Some little time ago I was working on a story that involved one Salventi Anguila, also known as Venya Storven. I seem to have written these notes by way of putting my thoughts in order, though it may be that I always intended them as a blog. Whyever I wrote them, I have found them now and typed them up, and here is Coren’s introduction to his sometime traveling companion Jekka Storven.
Jekka Storven is a man of the middle rank. A man, as Sal was proud to tell me, who has a voice when the Regent is chosen. Her pride confused me, because it has been the boast of many Tormaben of my acquaintance that any one of them, from the smallest babe in a saddle to the frailest old man settled amongst the farmers of the hinterland, may sway the choice of Regent. I put it to Sal one night that she must mean that the Regent is elected by all the people, as the Dojh are. She was intrigued by the suggestion, and I was pleased to find some limit to her knowledge. I explained it as well as I was able, and it may be that I allowed myself to be distracted by my disquisition. She did not seem to esteem it highly as a system, but gave me in return only an impression of the Tormaben way. I believe that men such as Jekka speak directly at the Long Sitting, but take soundings first among their own people, and on their travels also.
Did Sal herself, I wonder, have some contribution to the last Long Sitting? She was little more than a child, but she has been a full year on the plains, and she had seen two of the candidates, at least, for they were part of the embassy sent to Khyre in her first term there. But it was Jekka I meant to tell you of.
You will know him for Tormaben in a heartbeat, and yet only the hat and the stock are unique to this magpie people. The hat he will leave at the door, determined to demonstrate that he knows how to conduct himself in Khyran society, and the stiff, coloured stock from his neck he will set aside at ease. If you are wise you will wait until he does so before you trade with him, and then proceed only if you can see the ncala at his throat, for if he has tucked it away, out of sight and away from his skin, he has given himself licence to lie to you. Yet even the ncala that no Tormaben goes without is a borrowed trifle. There are many songs to sing of the way that it came to the South, but I have not the space to set them down here.
To return to our Tormaben: he will be wearing Assani boots, as any sensible traveller does if he can get them, and his breeches will seem familiar if you have ever ventured as far as the mountains. For the rest, layer upon layer of coloured silks from the Dojhate, and if you choose to believe Dram Cetus that the colour is for nothing but gaiety, and the silk for nothing but luxury, then you are a bigger fool than ever I was.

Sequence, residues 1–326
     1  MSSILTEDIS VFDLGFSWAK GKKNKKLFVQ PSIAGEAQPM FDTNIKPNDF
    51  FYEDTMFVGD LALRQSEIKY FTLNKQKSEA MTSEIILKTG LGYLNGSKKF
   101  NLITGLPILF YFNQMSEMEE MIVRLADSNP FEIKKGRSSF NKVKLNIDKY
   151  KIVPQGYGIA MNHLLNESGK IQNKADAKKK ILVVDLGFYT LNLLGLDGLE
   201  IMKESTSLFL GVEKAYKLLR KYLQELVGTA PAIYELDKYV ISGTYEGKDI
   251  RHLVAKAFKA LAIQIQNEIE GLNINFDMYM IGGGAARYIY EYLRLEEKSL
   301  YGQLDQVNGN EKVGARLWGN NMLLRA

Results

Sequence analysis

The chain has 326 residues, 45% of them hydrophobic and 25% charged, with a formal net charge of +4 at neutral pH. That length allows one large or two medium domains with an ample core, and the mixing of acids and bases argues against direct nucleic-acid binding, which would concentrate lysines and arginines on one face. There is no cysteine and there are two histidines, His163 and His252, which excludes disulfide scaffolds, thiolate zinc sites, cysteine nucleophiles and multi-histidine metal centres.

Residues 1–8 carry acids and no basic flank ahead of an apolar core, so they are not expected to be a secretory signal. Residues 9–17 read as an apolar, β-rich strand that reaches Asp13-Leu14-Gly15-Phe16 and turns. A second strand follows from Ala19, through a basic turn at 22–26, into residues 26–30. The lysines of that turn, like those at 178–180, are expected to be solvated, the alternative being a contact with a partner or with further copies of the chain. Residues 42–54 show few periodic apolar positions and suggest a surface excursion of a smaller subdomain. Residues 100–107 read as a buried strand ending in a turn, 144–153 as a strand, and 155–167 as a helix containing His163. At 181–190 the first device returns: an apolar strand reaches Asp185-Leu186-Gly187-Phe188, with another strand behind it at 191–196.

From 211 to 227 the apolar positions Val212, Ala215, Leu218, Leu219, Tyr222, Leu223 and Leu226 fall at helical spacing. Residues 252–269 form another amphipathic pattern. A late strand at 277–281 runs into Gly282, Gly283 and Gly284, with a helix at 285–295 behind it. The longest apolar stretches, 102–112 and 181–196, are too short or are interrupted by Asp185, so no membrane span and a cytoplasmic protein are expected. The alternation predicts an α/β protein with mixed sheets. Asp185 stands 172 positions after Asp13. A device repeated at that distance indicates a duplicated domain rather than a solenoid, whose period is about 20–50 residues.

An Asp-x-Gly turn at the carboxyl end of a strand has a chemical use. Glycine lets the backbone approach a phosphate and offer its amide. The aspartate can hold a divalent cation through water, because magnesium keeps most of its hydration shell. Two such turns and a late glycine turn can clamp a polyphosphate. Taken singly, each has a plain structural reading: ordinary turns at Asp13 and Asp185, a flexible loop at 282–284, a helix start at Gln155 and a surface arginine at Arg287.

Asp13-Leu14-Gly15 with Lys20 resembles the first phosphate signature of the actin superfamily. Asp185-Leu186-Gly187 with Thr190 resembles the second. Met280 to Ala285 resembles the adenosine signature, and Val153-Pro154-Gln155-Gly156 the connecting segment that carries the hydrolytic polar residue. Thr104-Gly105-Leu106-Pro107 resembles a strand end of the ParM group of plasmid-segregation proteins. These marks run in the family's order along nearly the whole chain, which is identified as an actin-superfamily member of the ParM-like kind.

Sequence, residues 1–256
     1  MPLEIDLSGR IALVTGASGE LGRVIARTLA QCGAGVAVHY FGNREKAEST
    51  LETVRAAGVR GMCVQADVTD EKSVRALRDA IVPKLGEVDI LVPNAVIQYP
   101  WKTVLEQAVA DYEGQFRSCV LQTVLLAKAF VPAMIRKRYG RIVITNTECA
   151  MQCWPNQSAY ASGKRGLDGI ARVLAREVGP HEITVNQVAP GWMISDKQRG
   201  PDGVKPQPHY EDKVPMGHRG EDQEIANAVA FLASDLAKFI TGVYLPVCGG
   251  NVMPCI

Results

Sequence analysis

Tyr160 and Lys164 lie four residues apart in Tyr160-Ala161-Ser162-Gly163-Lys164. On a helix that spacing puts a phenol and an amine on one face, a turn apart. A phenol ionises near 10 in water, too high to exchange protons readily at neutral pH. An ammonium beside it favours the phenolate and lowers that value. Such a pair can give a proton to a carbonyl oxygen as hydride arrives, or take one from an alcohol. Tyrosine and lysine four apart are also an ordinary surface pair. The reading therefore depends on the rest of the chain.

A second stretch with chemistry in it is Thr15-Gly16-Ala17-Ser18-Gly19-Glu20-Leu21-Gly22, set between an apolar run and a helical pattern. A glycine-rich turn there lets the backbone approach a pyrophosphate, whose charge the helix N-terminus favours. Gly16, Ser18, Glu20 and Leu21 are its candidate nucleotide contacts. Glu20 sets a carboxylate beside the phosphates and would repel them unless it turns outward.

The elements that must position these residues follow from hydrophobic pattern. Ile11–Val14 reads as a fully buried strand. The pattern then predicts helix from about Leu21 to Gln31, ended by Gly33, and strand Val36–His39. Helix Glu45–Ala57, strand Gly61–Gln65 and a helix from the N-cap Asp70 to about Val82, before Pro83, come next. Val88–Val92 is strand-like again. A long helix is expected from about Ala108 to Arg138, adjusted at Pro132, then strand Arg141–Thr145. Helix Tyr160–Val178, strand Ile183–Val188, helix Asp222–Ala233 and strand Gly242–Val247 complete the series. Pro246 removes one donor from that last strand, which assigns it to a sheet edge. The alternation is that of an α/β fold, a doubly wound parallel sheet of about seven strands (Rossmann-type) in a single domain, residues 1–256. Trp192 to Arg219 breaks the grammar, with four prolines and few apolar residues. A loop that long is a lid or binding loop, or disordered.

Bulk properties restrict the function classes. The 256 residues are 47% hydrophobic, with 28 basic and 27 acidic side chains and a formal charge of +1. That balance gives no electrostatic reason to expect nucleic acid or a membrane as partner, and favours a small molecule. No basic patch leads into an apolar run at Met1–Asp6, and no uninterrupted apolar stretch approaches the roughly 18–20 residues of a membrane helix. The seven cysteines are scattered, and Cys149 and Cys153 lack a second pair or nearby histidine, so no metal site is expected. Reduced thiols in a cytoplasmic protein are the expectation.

If you have never travelled beyond the Shap then you may think Jekka Storven typical of his people. Naturally you will have met only those Tormaben who range across the continent, trading as they go, taking coin where they must but preferring barter. (Coin relies upon the word of the man whose face is stamped upon it – though it had intrinsic value once – and it loses its value when you find yourself trading with a man who does not recognise that face. The useful herbs of the sierra, the leatherwork of Assan, the horses of the wide plains broken by skilled Tormaben hands, these have value wherever you might be. They can be traded for metalwork or brandy, for pulses or cheese, for any fruit of a more settled life. They may not buy you a night’s lodging in Khyre, but they will buy you local coin.) But many Tormaben, you should know, do no more than a little barter in the hinterland, and some stay all their lives on the plains that they have made their own.
What else can I tell you of Dram Cetus’s ‘carefree, superstitious people decked gaily in flowers’? I can tell you what he should have noticed for himself: that the sickly cream flowers of the marsh starfoil are a powerful repellent to the tiny biting flies that plague the marches. I can tell you what his guides were too embarrassed to admit to him: that their children are assured that the scarlet flowers of the stormbane will ward off lightning, and it remains a comfort even to a brave man who knows that it has no such power. But perhaps you have not seen the lightning stalk the people of the plains? And if they sing to ward off the soul-sucking horror of that great bowl of sky, I entreat you not to comment until you have travelled a little below its eye.